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Forum Name: Pediatric Topics
Question: 4 year old bone loss in mouth
|angel80 - Thu Jan 03, 2008 1:00 am|
Where do we go from here?
My daughter started loosing teeth at 18 months due to infections and bone loss in her mouth. After a long process it was discovered that the cause must be an extremely low ANC (<100) at which point she was put on the drug Neupogen. After starting the drug her blood counts have been in a good range (2500) and there was no longer bone loss in her mouth, so after gradually reducing the dose she is now no longer on the drug. 3 months ago the x-rays were fine, 2 months ago she completely stopped the drug, however now she has more bone loss with no infection this time. (She has already lost or had pulled 8 teeth and now the dentist says it looks like she will loose 4 more). Any ideas on what could be going on with her?
|Dr. Chan Lowe - Mon Jan 07, 2008 11:26 pm|
Low ANC is very well described as a predisposing condition for periodontitis that can lead to tooth loss.
I would suggest that the next step is to determine what the cause of her neutropenia was if it has not been determined yet. There may be more that is needed for treatment of this to help every thing heal appropriately.
I would also recommend that your daughter see an oromaxillary specialist. There may be a treatment that can help prevent any further bone loss.
|angel80 - Mon Jan 07, 2008 11:50 pm|
The neutropenia along with her very first teeth falling out (due to infection) is what got us sent to a hematolagist -who did a bone assperation- found no cause for the neutropenia - who then sent us to a geneticist - who did a bone age test- who then sent us to immunolagist who finally decided to actually treat the neutropenia.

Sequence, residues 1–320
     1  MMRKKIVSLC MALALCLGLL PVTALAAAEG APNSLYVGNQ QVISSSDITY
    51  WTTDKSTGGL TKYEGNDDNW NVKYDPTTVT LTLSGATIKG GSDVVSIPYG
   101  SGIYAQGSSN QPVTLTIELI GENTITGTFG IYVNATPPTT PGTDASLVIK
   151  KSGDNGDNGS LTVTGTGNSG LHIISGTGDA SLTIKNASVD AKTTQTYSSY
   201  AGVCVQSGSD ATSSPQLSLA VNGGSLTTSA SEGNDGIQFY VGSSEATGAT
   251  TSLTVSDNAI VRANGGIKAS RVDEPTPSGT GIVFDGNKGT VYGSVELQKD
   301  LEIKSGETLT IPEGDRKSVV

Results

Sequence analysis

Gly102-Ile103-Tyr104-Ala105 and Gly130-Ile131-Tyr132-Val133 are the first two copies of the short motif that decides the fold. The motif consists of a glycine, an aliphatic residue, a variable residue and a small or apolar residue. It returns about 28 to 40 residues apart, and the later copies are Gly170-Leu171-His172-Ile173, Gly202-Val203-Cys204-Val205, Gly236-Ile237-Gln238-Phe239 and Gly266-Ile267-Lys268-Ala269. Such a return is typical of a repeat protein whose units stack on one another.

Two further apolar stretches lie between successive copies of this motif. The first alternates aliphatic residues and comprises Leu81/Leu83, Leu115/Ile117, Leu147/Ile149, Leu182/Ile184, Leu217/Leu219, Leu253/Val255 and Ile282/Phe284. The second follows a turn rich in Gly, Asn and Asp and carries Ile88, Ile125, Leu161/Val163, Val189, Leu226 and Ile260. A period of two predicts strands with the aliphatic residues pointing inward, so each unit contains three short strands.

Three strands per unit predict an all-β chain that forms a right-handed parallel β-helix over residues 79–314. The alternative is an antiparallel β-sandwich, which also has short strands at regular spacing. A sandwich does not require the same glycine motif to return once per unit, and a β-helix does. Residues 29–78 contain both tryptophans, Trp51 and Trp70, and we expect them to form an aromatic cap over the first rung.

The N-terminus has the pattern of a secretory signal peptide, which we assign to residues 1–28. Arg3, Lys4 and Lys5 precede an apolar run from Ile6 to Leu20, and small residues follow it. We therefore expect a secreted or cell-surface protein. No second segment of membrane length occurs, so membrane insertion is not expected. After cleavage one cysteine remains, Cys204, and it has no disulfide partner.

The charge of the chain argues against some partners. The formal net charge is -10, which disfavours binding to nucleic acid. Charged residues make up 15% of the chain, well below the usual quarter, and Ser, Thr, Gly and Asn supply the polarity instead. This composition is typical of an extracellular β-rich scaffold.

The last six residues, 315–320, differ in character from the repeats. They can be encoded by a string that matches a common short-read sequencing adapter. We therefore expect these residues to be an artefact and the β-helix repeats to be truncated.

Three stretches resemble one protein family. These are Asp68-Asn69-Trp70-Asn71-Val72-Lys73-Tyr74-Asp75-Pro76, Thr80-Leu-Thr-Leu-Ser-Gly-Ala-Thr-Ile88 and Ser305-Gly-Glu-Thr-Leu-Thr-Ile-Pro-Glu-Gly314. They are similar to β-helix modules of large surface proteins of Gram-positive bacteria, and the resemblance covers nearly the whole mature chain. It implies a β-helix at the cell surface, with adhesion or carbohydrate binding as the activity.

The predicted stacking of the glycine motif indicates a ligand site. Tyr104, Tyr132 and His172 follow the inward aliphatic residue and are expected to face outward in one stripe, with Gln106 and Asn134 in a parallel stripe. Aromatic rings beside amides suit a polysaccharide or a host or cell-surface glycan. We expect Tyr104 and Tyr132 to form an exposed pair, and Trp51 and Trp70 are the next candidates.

They all seem to be at a lose. We will have to look into an oromaxillary speciallist. Thanks for the advice. Any an all help is always appreciated.
|Dr. Chan Lowe - Fri Jan 11, 2008 1:39 am|
Did your hematologist mention cyclic neutropenia? If the bone marrow aspiration was done while the neutrophil count is normal I believe that the bone marrow aspiration being normal does not rule this out. If, by chance, the bone marrow was done just before a neutropenic episode the marrow would show decreased amounts of neutrophil precursors.
This is a little outside my field so I would certainly differ to a pediatric hematologist but I believe the only way to make a diagnosis of cyclic neutropenia is to do repeated CBC's to look at the neutrophil count two to three times per week for four to eight weeks. This allows evaluation for the cyclic dips (which occur about every 3 weeks in the majority of patients). The frequent sampling is needed because the neutropenic period may only last for a few days so it may be missed if the CBC's are done too far apart.
|angel80 - Fri Jan 11, 2008 2:53 pm|
Right after the bone assperation we did three blood draws a week for six weeks. They determined it was not cyclic. They also did tests to determine if she had any of the regular causes for the perialdontal disease like, hypophosphatia. All had very grim outcomes so we were thankful none of those were the cause.
Our immunoligist and dentist have had us put her back on the shot at the dose it was three months ago. They say if it does work and the bone loss stops then they have no idea why but to just do what works and watch for other symptoms.
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